Interaction in learning
We agreed on the huge value of interaction in learning, and Dr Sushil Mohan, Finance Subject Leader, was concerned that some over zealous students wrote down too much, missing out on meaning and focussing on words at a superficial level. When they interact, how do they retain information which might be useful later for their assessments? Without taking at least basic notes, or voice recording and then taking summaries, how does the student take the learning to a level which allows reflection, review, further reading and analysis?
Building on knowledge
We discussed brain-compatible learning (van Niekerk & Webb 2016 at https://goo.gl/FCLQrU), which is showing increasing evidence of the basics we believe to involve good practice: finding out where the student’s knowledge level and experience is and building on that, rather than starting from the lecturer’s standpoint, promoting attention, rehearsal to get stuff moved from short-term to longer-term memory (especially episodic memory which emphasises the other sensory inputs around the content learned). Jela Webb noted that physically writing can help rehearsal – some have great keyboard skills but writing by hand was powerful. Julie Fowlie, Deputy Head Teaching and Learning, and others agreed this could be encouraged by simple means such as handouts with space for notes, short learning summaries on blogs, learning journals as part of the learning design.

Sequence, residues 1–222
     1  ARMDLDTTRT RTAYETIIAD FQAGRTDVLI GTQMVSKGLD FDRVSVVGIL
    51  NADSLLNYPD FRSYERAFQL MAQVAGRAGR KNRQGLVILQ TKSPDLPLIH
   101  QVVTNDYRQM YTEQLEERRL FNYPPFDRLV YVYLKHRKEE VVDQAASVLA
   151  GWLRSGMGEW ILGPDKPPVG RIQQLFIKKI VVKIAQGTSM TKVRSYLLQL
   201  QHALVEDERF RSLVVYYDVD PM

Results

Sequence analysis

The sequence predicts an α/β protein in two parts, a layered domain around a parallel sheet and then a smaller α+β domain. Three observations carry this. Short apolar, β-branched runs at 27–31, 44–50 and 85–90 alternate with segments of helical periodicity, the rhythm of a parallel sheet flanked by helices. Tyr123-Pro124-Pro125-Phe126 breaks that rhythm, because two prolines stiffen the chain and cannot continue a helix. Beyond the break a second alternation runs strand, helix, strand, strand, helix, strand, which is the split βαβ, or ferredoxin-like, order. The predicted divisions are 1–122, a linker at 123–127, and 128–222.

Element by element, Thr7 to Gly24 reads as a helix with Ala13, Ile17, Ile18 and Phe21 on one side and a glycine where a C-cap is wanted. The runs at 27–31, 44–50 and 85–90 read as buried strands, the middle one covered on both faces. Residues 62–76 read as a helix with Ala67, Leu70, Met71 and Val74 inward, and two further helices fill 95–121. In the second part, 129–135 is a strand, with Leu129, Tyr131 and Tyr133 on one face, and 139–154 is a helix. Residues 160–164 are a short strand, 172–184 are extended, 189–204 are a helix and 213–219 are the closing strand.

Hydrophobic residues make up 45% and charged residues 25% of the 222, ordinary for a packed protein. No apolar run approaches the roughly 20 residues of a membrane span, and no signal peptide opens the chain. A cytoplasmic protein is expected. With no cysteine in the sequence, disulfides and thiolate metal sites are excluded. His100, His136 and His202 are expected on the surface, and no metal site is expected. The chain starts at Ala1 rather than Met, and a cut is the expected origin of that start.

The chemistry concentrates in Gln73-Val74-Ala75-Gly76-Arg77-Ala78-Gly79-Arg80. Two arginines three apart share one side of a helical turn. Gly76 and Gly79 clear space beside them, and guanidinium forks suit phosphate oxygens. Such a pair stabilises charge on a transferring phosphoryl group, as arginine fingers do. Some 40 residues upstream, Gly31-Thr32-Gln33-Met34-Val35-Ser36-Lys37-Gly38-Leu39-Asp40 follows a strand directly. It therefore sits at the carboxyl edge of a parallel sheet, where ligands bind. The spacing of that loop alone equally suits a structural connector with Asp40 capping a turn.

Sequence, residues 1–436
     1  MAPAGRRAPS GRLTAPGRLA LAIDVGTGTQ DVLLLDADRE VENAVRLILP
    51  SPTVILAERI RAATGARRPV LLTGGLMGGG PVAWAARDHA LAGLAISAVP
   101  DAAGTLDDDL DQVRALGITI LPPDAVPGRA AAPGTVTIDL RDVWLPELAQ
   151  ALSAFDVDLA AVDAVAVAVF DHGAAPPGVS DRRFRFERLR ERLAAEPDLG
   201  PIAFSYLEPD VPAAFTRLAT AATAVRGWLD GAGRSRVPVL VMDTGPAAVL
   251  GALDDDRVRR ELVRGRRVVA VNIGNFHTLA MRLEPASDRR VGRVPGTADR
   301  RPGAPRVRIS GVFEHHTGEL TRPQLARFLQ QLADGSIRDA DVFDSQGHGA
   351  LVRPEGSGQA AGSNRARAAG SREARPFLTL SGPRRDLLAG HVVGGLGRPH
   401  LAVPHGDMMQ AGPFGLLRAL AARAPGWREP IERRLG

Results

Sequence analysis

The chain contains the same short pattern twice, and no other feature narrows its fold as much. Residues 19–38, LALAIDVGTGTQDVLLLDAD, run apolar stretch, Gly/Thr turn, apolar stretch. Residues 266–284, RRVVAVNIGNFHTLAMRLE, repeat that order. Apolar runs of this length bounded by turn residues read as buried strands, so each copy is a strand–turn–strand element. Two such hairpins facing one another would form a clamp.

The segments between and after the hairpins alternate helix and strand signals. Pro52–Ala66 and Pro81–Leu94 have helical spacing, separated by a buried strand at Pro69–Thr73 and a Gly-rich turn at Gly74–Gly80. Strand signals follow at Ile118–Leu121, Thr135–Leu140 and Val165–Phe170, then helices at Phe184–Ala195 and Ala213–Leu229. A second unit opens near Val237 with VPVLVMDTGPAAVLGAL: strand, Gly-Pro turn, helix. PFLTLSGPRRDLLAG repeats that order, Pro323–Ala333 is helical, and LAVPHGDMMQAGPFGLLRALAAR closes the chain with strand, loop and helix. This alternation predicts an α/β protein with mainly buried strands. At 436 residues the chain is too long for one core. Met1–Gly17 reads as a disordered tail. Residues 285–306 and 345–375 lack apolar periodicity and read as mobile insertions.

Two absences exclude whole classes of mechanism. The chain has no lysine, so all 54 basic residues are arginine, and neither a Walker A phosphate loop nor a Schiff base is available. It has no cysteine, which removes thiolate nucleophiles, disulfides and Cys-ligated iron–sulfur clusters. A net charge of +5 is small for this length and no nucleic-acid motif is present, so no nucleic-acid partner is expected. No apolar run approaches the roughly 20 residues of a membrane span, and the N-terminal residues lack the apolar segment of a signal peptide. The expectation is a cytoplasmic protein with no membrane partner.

We also shared ideas on more structured approaches to enable, particularly level 4 (pre-first-year), students to learn how to read for academic purposes. Wallace and Wray’s five critical synopsis questions (see https://goo.gl/gW1pII ) and Shon’s use of reading codes for annotation when reading articles were some examples. Shon’s work can be found here: https://goo.gl/279VsL and my review of the book can be found here: https://goo.gl/s3vk5E.
Asher stressed the need to physically demonstrate and role model the use of note-taking, and devices. This including thinking seriously about the note-form which is encouraged by PowerPoint, meaning that students rarely get directly introduced by teachers to well-formed sentences and logical argument except verbally in class – making it unsurprising if they were unable to produce arguments in assessment. Designing their own assessment questions and arguing what was being assessed in them was another option.
We discussed using Evernote (note-taking with cloud backup and multi-platform ubiquity), Zotero (research collecting, citing, organising), mind-mapping etc to enable expectations of recording and retrieving information as the norm. We finally shared ideas based on work by Tom Bourner and Phil Race (How to Win as a Part-Time Student 2nd ed. 1995) originally produced for mature part-time learners which focussed on the activities learners were expected to do – all involved activity, and much involved note-taking. One of the well-favoured ideas for note-taking during and after sessions was to encourage blogging by students or as Alison pointed out – simply asking for notes to be handed in from time to time. This could be done privately or shared where needed with tutors or students.
We shared the same issues, and there is no reason to believe we can’t solve them. The seminar excited discussion – let’s have more of this!